Why the “Magic of Christmas” Doesn’t Have to Die

IMG_4266As a songwriter, I spend a lot of time listening to songs over and over and picking them apart until I fully resonate with – or at least understand – every single lyric. And tonight, Christmas Eve, with a room temperature cup of peppermint tea on the table beside me and a bunch of friends’ presents I still need to wrap on the floor, my song of choice is “Be Born in Me” by Francesca Battistelli. The more times I listen, the more I am moved.

{listen here: “Be Born in Me” by Francesca Battistelli}

Right now, I can hear “Santa” moving around downstairs, lugging in my youngest sister’s Lego Friends “Rockin’ Pop Star Tour Bus” and trying not to get too agitated as he tries to put together whatever else she asked for. Meanwhile, Mrs. Clause is filling our stockings with candy for my sisters and hopefully a Starbucks gift card for me. (Okay, hopefully some dark chocolate too.)

Only one of my sisters, Lilly, still believes. And tonight, as my 2 other sisters and I moved the Elf on the Shelf one last time, we talked about how much less fun Christmas is when Santa isn’t real anymore. We talked about how the magic is gone – how it all seems kind of like a big act now that you know the big man in the red suit doesn’t actually exist anywhere other than the Green Hills Mall or preschool Christmas parties or outside Kroger, shaking a jingle bell next to a change bucket. And tonight, when my parents told us to “go upstairs and not come back down because we “might see Santa”, I got this feeling of disappointment – I know, I’m 18, and I haven’t believed in Santa since I was 10. But as I walked upstairs and closed the door to my room, I just felt sad. I felt like the magic of Christmas was gone.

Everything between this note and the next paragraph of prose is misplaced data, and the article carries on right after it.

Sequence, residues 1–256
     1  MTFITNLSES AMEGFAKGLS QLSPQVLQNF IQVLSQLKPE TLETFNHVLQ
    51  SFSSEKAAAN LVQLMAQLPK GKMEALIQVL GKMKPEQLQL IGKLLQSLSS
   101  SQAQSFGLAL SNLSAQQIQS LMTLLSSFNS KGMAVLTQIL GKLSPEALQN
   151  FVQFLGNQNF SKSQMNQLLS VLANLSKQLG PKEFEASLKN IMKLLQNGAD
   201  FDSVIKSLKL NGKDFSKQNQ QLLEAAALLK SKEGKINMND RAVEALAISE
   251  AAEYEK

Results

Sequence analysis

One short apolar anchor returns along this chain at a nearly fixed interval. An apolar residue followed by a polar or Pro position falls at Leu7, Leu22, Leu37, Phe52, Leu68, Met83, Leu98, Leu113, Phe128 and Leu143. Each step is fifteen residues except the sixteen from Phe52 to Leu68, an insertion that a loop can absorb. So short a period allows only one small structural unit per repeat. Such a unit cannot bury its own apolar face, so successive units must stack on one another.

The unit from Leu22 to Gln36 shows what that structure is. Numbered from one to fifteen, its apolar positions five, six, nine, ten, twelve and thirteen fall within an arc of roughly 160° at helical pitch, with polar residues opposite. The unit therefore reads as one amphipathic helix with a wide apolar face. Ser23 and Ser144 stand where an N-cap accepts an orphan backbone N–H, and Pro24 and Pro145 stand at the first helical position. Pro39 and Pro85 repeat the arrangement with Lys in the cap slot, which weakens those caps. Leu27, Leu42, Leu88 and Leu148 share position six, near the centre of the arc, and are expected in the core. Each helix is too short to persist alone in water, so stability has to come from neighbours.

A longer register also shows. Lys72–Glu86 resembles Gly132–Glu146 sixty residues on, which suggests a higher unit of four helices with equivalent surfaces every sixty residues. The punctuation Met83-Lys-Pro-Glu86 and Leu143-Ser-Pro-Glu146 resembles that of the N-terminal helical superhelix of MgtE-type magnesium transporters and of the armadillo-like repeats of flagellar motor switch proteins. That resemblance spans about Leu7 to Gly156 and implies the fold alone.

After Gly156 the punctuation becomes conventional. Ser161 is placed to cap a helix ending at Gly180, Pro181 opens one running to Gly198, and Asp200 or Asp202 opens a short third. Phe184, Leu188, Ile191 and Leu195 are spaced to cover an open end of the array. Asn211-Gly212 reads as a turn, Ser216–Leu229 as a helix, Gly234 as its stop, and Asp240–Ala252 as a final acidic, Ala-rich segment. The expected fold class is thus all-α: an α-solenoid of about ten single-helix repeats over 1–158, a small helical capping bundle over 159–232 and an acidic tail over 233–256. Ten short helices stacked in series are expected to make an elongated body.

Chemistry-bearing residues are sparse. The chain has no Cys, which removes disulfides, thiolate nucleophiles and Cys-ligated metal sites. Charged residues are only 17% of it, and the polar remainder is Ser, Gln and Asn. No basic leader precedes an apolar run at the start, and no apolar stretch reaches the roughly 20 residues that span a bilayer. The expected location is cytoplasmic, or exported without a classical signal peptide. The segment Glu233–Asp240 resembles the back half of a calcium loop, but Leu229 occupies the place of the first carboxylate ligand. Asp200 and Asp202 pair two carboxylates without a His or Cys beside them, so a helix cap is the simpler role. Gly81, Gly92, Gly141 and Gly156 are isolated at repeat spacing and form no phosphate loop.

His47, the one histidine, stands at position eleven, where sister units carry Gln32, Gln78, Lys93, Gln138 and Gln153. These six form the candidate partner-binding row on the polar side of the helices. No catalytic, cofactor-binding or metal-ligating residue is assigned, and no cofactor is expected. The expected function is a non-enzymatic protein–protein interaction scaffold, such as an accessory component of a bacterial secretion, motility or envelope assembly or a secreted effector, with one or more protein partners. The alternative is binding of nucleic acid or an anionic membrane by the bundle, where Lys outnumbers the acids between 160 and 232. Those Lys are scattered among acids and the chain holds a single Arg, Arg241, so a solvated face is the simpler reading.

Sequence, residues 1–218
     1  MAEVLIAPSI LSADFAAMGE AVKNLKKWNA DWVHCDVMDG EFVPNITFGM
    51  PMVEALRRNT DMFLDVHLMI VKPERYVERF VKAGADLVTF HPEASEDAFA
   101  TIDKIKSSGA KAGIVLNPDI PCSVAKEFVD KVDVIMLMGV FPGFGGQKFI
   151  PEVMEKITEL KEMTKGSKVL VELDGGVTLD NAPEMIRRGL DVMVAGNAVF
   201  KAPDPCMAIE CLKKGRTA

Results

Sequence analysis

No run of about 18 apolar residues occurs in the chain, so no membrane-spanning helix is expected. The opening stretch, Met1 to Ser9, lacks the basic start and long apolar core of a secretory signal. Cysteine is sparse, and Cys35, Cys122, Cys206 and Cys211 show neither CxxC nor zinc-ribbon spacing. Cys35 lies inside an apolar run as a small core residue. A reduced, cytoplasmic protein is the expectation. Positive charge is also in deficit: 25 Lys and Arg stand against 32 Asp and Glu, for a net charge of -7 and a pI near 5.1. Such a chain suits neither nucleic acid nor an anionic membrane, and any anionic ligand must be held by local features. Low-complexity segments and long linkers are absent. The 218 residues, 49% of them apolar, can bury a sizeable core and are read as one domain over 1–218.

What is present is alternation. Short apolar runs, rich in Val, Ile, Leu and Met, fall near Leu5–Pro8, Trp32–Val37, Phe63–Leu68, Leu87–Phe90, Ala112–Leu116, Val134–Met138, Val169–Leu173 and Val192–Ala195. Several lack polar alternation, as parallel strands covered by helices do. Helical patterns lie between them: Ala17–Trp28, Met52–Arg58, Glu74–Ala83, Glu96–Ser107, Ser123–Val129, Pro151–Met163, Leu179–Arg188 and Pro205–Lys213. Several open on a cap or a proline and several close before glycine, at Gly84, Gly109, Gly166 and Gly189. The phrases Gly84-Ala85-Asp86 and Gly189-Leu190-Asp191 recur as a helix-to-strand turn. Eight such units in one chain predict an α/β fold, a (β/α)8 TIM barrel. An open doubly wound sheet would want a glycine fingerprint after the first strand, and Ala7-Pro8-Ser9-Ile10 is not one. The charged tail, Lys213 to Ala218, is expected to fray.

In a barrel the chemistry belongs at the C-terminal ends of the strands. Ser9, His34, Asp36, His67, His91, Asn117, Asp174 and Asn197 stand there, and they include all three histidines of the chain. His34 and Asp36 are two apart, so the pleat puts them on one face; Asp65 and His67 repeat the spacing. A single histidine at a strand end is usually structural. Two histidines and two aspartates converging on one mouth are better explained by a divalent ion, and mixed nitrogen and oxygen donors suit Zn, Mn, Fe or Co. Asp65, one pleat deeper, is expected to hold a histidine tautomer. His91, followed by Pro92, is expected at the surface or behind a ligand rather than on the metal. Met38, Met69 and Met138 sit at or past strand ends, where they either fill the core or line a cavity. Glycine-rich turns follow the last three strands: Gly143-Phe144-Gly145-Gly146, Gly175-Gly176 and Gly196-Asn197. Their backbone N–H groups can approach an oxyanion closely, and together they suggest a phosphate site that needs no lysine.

And then, I put on my favorite Pandora station, and that song came on.

I won’t summarize the entire song, but basically, it is sung from the perspective of Mary, talking to her newborn son Jesus. She talks about how afraid she is, what a big deal it is that she has just given birth to the Son of God, and how terrifying that is for her. It is the most honest and real Nativity reflection I have ever heard. But my favorite part of the entire song is the bridge, and it says,

“I am not brave – I’ll never be / the only thing my heart can offer is a vacancy. I’m just a girl, nothing more / But I am willing, I am yours”

And in listening to those words tonight, I realized something: The magic of Christmas does not have to die with Santa. The magic of Christmas is supposed to grow stronger as we get older, because we realize that it’s not about a nice old man who leaves toys under a tree in your living room, but a baby who was born 2000 years ago and saved the entire world. 

Listening to this song, I think about Mary like I never have before. I think about a 14-year-old girl – 4 whole years younger than me – looking down at the Child she just gave birth to and knowing that not only is He the Son of God, but also, she will be raising Him. I’ve never thought about how scared she must have been. I’ve never thought about how she must have felt holding Jesus for the first time; I’ve always pictured that scene as a rock-solid, fearless, overjoyed mother holding her precious baby without a worry in the world. But now, I realize: she had to have been terrified. I can only imagine what I would’ve felt like in her shoes.